Under this grant, NRDC will partner with Community Food Advocates and GFPP coalition partners to educate stakeholders on policy changes that would enable municipalities to choose food that might be higher priced but contains more nutritional value. NRDC will also provide legal support on State procurement policy to build upon the coalition’s knowledge of legal obstacles municipalities face when purchasing food. NRDC will educate policymakers, coalition members, and industry actors on the actual legal and on-the-ground impact of New York State adopting GFPP, including benefits for producers and suppliers.

The Legal Aid Society, Inc.

Inadequate dental care and poor oral health are linked to a range of physical, psychological, and quality-of-life issues.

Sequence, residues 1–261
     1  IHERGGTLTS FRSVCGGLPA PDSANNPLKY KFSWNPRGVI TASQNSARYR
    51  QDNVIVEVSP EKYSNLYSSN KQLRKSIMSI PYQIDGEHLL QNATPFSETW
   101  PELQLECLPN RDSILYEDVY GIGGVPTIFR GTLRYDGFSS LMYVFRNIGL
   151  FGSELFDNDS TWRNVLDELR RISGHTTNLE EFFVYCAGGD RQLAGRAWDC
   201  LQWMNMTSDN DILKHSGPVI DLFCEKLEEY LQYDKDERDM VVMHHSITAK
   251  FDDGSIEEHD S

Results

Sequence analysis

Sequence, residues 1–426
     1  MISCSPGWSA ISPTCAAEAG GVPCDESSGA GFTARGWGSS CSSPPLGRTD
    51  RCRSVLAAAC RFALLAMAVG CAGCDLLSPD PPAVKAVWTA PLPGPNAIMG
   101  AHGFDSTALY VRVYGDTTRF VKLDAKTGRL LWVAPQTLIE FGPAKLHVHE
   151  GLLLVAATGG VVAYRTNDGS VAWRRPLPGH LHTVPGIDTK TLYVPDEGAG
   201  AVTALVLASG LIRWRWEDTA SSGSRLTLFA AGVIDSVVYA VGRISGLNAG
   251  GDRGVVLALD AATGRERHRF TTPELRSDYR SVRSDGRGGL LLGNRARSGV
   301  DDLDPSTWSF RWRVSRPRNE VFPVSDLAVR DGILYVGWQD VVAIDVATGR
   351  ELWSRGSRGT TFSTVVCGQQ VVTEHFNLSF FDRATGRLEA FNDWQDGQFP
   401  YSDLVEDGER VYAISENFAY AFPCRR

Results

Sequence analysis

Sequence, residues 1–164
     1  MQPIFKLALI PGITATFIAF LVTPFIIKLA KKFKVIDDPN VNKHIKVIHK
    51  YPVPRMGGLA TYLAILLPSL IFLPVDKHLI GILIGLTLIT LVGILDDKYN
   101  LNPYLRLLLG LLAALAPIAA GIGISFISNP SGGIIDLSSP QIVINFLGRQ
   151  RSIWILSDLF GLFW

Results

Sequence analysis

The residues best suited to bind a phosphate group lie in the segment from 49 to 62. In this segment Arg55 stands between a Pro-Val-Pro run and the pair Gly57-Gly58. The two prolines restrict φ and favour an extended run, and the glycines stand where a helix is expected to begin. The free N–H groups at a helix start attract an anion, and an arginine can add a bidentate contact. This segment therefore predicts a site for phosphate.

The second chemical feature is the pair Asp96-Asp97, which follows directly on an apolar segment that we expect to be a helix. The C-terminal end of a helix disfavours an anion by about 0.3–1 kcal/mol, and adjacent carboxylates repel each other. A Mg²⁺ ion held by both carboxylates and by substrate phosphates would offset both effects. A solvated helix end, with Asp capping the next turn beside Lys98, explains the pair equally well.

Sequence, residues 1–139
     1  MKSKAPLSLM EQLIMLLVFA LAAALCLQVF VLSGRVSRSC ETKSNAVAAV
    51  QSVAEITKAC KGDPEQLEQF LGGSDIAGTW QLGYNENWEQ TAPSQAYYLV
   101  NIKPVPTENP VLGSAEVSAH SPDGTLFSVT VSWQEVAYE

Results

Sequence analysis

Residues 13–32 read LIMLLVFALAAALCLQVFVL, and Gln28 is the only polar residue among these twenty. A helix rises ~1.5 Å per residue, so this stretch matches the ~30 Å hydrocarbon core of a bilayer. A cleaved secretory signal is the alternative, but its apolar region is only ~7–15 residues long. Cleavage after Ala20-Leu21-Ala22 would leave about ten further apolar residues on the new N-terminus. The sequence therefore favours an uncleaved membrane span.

Tooth decay and loss, gum degeneration, and mouth infections—when left untreated—can increase the likelihood of conditions like heart disease, diabetes, respiratory ailments, and malnutrition. New York State is 1 of 14 states that offer extensive dental benefits under Medicaid as an optional covered service, but it has historically limited coverage of dental implants, replacement dentures, root canals, and crowns.  Beginning in 2024, New York State’s Medicaid program will provide coverage that better reflects current standards of care and a comprehensive dental benefit. While the policy change is a big win, its impact depends on recipients, dentists, and advocates understanding the rule changes and recipients’ rights. In 2023, NYHealth awarded the Legal Aid Society (LAS) a grant to provide education and technical assistance to dentists and consumer advocates to ensure they understand the Medicaid rule changes, patients’ rights, and how to access newly covered services.